UEFI News and Commentary

Tuesday, October 15, 2013

PI 1.3 Review, Part 2: PI Status Codes

This is the second article in a series describing the changes in the PI 1.3 specification. This article focuses on the updates to the PI status codes. Actually, quite a minor change, these add status codes for the firmware if it implements support for the ATA specification's Self-Monitoring, Analysis and Reporting Technology (SMART) feature set for hard drives. This feature set allows software to query the hard drives and ask about the types of faults experienced with a view of predicting eventual hard drive failure.

These status codes provide a standardized way for the system firmware to report when SMART is being enabled (EFI_IOB_ATA_BUS_SMART_ENABLE) or disabled (EFI_IOB_ATA_BUS_SMART_DISABLE) or whether it is not supported by the drive (EFI_IOB_ATA_BUS_SMART_NOTSUPPORTED). It also allows the firmware to report if it detects on the many classes of alert conditions, using EFI_IOB_ATA_BUS_SMART_UNDERTHRESHOLD and EFI_IOB_ATA_BUS_SMART_OVERTHRESHOLD.

One of the interesting things is why these were not in the PI Specification in the first place, even though they were in the EDK implementation that Intel developed around the same time. After the EFI 1.10 specification was released, there was a relatively long hiatus with no additional specification versions being released with new material, except for minor errata. People (meaning Intel, Microsoft and a few other companies) were fairly satisfied with EFI 1.10 but who was going to do all the dirty work to implement it. So Intel wrote down the Platform Innovation Framework (or PIF) specification and created a corresponding implementation, called Tiano, showing what they considered best practice for creating EFI implementations. From some comments, Intel intended that much of this work would end up in the future EFI (not UEFI) 2.0 specification.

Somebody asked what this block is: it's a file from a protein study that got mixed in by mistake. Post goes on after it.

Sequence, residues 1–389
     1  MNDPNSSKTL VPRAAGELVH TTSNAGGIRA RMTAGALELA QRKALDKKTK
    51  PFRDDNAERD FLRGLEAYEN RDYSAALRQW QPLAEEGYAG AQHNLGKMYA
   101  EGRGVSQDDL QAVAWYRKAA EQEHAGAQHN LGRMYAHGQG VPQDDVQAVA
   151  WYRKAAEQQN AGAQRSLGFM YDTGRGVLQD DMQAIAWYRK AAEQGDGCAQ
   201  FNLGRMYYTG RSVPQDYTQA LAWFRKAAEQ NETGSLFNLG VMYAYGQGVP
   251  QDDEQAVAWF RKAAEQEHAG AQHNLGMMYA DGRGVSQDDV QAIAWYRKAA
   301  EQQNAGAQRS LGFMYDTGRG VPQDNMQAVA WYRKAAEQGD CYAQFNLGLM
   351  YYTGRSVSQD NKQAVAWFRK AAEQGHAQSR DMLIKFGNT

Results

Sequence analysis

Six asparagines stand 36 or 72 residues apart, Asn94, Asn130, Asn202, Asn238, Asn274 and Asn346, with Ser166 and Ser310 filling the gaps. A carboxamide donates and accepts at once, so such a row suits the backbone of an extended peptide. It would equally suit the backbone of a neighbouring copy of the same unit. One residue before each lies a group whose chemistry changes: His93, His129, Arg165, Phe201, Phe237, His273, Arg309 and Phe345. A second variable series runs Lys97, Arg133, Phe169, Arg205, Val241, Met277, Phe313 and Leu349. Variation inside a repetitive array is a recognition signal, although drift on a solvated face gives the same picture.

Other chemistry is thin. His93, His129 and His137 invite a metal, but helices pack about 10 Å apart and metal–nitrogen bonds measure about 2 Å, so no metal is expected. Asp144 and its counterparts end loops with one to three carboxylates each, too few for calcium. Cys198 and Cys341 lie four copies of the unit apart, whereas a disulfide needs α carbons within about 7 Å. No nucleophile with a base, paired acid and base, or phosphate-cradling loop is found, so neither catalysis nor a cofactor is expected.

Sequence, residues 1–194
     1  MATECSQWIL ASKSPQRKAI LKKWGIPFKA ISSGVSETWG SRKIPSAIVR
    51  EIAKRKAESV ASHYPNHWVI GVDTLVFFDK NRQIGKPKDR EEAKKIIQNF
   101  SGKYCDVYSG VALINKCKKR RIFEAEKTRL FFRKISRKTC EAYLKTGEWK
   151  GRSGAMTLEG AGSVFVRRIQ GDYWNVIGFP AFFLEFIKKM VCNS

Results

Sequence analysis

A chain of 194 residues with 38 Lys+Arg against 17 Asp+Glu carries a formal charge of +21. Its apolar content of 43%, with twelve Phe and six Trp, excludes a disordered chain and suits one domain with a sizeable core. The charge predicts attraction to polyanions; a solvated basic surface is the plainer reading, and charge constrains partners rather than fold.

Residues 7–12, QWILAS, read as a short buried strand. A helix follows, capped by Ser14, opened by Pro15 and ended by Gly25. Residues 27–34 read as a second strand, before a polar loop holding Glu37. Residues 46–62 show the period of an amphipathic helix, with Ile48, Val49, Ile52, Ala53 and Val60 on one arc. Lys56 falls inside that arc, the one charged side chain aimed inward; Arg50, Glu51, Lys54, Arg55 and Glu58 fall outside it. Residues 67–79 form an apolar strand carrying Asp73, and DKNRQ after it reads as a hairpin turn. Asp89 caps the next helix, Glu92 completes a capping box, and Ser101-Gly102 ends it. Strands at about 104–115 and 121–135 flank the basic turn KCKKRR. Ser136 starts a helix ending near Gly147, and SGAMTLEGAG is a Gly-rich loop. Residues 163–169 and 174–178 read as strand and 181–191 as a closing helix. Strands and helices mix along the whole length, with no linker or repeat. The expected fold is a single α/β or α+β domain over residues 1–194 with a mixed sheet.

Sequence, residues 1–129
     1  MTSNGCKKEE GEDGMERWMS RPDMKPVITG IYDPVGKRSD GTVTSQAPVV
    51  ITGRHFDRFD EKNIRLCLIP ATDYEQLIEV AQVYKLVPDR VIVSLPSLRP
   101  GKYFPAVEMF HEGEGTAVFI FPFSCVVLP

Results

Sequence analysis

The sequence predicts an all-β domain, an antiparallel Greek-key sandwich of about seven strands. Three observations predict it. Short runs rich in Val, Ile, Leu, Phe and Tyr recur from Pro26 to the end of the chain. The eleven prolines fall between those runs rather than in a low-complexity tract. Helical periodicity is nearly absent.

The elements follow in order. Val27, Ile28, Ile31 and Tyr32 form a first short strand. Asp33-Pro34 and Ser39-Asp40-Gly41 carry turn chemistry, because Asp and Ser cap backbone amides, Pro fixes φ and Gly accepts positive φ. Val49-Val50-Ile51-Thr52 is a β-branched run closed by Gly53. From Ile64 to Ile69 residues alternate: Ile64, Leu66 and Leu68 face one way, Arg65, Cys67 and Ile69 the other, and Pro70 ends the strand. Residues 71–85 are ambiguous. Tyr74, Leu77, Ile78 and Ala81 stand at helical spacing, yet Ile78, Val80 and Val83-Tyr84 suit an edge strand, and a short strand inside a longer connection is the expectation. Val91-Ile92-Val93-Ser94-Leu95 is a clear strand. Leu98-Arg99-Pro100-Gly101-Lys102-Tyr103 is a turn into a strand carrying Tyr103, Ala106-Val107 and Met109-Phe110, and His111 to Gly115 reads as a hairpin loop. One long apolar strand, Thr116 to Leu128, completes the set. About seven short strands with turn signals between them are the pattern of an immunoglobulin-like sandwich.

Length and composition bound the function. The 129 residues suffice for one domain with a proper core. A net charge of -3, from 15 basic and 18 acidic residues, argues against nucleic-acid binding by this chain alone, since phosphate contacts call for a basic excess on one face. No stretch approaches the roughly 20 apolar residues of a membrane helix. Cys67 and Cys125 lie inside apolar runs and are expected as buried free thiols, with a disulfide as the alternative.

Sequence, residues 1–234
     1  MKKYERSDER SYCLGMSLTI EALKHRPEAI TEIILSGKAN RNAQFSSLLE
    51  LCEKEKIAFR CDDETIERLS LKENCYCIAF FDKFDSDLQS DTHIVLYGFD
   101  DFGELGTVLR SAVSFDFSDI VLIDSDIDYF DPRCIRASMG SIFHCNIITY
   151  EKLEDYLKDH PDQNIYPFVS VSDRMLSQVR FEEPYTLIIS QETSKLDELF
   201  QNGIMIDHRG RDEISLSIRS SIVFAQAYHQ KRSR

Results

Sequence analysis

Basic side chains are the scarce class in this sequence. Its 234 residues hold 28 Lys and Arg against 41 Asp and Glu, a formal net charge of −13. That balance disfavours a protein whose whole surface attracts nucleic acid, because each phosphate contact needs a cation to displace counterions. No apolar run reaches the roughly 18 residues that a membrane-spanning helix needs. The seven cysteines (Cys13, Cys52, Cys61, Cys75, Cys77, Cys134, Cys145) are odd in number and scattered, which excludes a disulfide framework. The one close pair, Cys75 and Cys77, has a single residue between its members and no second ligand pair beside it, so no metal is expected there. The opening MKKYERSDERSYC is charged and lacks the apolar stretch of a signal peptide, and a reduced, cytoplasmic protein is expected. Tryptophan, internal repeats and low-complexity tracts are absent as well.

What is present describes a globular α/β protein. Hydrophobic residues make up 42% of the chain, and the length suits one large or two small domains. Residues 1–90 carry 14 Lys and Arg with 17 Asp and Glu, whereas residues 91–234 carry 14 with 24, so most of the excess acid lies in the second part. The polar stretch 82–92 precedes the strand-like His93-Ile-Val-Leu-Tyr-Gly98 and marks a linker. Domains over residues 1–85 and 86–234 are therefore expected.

But then UEFI came, forged by the original nine promoter companies, including Insyde. Intel suspended work on the PIF specifications. But work continued internally. When it came time for the PI specification to be created, using the PIF specifications as a starting point, we tried to gather up any loose ends from Intel's on-going development, but we failed to get these status codes. And thus, SMART status codes were all there; everyone knew about them; but they weren't the standard.

And now they are. So PI 1.3 finally catches up with PIF (at least in this area).

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